Finally, private foundations also fund international cooperation in scientific research. You can consult a published directory of international foundations such as The International Foundation Directory or the International Encyclopedia of Foundations or search online on sites such as the Directory of International Grants and Fellowships in the Health Sciences or the Development Gateway to identify some of these foundations.

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Sigma Xi Participates in International Meeting About Online Publishing
Rosalind Reid, editor of American Scientist, recently represented Sigma Xi at an open round table discussion on "Developing Country Access to Online Scientific Publishing: Sustainable Alternatives" October 4-5, 2002 at the Abdus Salam International Centre for Theoretical Physics (ICTP) in Trieste, Italy. The participants, ranging from scientists to publishers, discussed several relatively new, affordable sources of scientific information for developing country researchers. Successes and obstacles of these various services were discussed, and all parties agreed that it is not possible to consistently publish high-quality, free information.

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Did You Know?

The Third World Academy of Sciences has announced the initiation of a new award, the Trieste Prize, which is intended to be something similar to a "developing country Nobel Prize." The $100,000 award will honor researchers who reside and conduct their research in the developing world, and it will be sponsored by the coffee company Illy. The Trieste Prize will be awarded in different disciplines from year to year, and the first prize (2003) will be awarded in biological sciences. (Source: SciDev.Net)

As a partnership between the American Association for the Advancement of Science and the U.S. National Science Foundation, the Women's International Science Collaboration Program (WISC) aims to increase the participation of women in international scientific research. Small travel grants are awarded to U.S. scientists to plan and design new collaborations with researchers in one of many different countries. The next deadline is January 15, 2003.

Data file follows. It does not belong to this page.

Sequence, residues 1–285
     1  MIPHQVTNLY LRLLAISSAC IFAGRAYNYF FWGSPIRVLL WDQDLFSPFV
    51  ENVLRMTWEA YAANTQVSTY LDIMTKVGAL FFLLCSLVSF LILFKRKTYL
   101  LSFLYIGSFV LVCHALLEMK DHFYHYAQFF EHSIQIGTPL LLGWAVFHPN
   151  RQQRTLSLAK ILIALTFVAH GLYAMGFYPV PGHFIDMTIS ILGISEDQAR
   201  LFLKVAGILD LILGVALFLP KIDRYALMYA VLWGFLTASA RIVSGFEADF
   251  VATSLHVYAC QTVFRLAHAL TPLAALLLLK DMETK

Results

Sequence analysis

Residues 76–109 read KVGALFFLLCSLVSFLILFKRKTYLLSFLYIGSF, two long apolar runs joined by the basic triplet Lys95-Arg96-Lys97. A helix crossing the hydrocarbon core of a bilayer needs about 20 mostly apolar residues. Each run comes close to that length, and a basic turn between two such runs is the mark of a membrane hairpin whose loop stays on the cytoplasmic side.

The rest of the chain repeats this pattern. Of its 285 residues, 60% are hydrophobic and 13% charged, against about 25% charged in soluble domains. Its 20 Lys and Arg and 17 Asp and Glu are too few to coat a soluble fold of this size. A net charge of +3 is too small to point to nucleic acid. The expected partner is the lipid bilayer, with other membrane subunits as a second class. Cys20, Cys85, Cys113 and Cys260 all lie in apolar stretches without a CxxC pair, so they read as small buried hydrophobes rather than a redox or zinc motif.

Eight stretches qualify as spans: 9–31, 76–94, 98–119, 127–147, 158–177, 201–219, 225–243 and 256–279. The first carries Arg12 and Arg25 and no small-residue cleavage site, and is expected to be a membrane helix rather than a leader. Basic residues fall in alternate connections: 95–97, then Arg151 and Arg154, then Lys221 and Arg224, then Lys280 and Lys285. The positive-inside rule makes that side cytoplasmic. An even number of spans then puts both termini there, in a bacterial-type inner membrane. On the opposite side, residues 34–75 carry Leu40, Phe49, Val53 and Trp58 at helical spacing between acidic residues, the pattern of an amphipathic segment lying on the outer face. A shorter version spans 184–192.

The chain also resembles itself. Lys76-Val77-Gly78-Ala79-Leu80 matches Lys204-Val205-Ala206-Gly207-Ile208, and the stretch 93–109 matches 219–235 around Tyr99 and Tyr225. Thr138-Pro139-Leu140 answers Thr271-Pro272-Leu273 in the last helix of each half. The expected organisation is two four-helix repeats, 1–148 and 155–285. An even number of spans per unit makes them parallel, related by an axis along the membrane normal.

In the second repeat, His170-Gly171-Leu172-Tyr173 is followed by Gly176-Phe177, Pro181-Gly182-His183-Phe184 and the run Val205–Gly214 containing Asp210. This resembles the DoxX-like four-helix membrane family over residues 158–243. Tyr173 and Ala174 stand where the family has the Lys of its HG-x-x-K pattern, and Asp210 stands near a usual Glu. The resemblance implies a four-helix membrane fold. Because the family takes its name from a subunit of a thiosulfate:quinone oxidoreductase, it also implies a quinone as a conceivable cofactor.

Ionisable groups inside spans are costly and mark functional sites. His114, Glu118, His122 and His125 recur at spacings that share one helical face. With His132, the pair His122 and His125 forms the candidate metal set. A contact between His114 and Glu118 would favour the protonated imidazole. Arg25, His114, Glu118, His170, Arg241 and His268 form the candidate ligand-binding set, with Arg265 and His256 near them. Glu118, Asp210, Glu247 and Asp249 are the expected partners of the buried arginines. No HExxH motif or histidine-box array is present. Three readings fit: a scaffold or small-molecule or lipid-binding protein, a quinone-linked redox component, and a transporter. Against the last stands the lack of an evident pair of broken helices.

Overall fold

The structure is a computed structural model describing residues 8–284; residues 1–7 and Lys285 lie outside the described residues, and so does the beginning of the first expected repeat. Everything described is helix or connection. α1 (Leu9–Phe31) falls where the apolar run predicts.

The European Union's Heads of Research Councils has announced a new program to support young researchers. The European Young Investigators Awards program is designed to be a pilot for the possible establishment of a European Research Council. Outstanding young researchers from all over the world are eligible to apply for the five-year fellowships to conduct research in Europe. Applications will be transmitted by agencies and institutions from participating countries, and the European Science Foundation will manage the selection process. (Source: The Chronicle of Higher Education)

Massachusetts Institute of Technology has recently unveiled its pilot project (OpenCourseware) to give free, searchable access to MIT course materials via the Internet. More than 30 courses from 17 departments are already online.

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Upcoming meetings

III World Conference of Science Journalists: Science Journalism and Human Development; São José Dos Campos (SP), Brazil; November 24-27, 2002.

Open Access to Scientific and Technical Information: State of the Art and Future Trends; Paris, France, January 23-24, 2003.

Seventh International Conference on Technology Policy and Innovation: Connecting People, Ideas, and Resources across Communities; Monterrey, Mexico; June 10-13, 2003.

For more information on any of the programs mentioned in this newsletter, please contact:

Sigma Xi, The Scientific Research Society
P. O. Box 13975, 3106 East NC Highway 54
Research Triangle Park, NC 27709 USA
Telephone: 919-549-4691 or 919-547-5246
Fax: 919-547-5263
E-mail: international@sigmaxi.org